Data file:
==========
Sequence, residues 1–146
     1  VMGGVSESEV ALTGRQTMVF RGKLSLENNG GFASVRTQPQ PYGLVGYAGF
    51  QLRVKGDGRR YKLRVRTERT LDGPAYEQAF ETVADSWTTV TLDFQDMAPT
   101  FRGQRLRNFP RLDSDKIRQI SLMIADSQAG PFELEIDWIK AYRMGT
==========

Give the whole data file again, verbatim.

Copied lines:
Sequence, residues 1–146
     1  VMGGVSESEV ALTGRQTMVF RGKLSLENNG GFASVRTQPQ PYGLVGYAGF
    51  QLRVKGDGRR YKLRVRTERT LDGPAYEQAF ETVADSWTTV TLDFQDMAPT
   101  FRGQRLRNFP RLDSDKIRQI SLMIADSQAG PFELEIDWIK AYRMGT